The Chinese Super League, or the CSL as it’s known, was formed in 2004 as part of a scheme to rebrand Chinese football away from the original Jia-A League. The idea was to put in place a sustainable structure that would allow China to have their own league which one day would be considered on par with the top European leagues.
The CSL comprises of 16 teams with the top 3 each season qualifying for the AFC Champions League and the bottom 2 being relegated to China League One. The season runs from February to November and January to February is the equivalent of their summer transfer window.
Many noticeable players and coaches have moved to China to ply their trade since the CSL’s inception including the likes of Chelsea legend Didier Drogba and former Brazil National team manager Luiz Fleipe Scolari. However, it was this most recent transfer window in early 2016 that has cast all eyes to the Asian league.
Between them, the 16 clubs spent a colossal £200 million on players with the CSL transfer record being broken no less than 4 times. The biggest transfer fee was commanded by Alex Teixeira (£37.5million) and Ezequiel Lavezzi became the world’s highest earning footballer on a staggering £400,000 per week.
Where has this come from?
When current Chinese president Xi Jinping rose to power in 2013, he had a vision to change the landscape of football in China and put it at the forefront of the nation’s culture. He is a football fanatic and is determined to put his country in a position where hosting the World Cup in 2026 and even winning it someday is possible.
The government has since pumped vast amounts of money into China’s top clubs in the hope that they will attract global, household names. His vision is that if he creates a platform that younger generations aspire to, then the youth production in China will increase in both quality and quantity tenfold.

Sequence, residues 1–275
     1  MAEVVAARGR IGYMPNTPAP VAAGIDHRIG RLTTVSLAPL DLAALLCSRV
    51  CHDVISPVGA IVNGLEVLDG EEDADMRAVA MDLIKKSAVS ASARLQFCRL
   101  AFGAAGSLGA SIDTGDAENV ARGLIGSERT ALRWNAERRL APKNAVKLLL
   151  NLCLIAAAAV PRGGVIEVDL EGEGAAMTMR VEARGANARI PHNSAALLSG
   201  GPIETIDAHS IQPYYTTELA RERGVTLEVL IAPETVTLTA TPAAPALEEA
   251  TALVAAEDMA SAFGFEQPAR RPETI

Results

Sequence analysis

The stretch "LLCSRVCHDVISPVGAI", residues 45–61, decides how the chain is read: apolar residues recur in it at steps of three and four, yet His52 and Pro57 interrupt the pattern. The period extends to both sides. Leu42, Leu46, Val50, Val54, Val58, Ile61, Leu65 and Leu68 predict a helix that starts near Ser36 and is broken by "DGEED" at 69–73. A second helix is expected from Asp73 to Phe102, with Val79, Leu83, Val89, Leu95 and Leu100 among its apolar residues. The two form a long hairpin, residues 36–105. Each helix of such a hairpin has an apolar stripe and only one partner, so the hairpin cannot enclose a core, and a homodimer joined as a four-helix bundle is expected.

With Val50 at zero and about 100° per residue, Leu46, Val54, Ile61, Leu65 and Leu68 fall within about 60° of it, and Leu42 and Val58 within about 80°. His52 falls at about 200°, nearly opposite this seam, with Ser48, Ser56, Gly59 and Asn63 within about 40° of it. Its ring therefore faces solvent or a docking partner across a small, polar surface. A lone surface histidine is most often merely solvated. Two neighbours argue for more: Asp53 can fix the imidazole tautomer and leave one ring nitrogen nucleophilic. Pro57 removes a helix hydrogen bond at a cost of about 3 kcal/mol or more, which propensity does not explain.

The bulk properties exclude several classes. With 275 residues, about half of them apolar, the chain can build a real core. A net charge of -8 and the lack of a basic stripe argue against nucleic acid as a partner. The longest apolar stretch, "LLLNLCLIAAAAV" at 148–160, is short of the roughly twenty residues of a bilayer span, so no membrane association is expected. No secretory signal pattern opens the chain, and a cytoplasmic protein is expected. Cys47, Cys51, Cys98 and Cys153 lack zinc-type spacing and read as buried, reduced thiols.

So far, the first stages of the process are coming to fruition with big players opting to leave Europe in favour of a career in China. Other than the formerly mentioned, players such as; Gervinho, Ramires, Demba Ba and Jackson Martinez have all adhered to this trend.
Spectatorship appears to be on the rise as well with last seasons average attendance of 22,000 predicted to rise to 25,000 this term. Furthermore, the rights to broadcast the CSL from 2016 to 2020 were sold for approximately £1billion.
Will it last?
This is the golden question. We’ve seen various leagues built up to be ‘the next big thing’ on numerous occasions over the years and although there are similarities to be drawn from Major League Soccer and the Indian Super League we’ve never quite seen spending like this.
One limitation for this mass spending is the foreign players rule currently in place within the CSL. Since 2009, clubs have only been afforded 4+1 foreign players in their squads whilst only 3+1 may be fielded per match (+1 refers to another player from an Asian Football Confederation i.e Japanese or South Korean).
This rule was implemented in order for indigenous talent to be able to develop alongside world renowned superstars in the hope of improving the national team. So, although money appears to be no object, the quota for Chinese players currently stands in the way of the league being able to compete on a European scale.
With that all said, I believe the CSL is sustainable and will inevitably be a success thus aiding the production of a generation of Chinese talent. However, in the short term at least, there is no way either the CSL or the Chinese National team can compete with world football’s elite.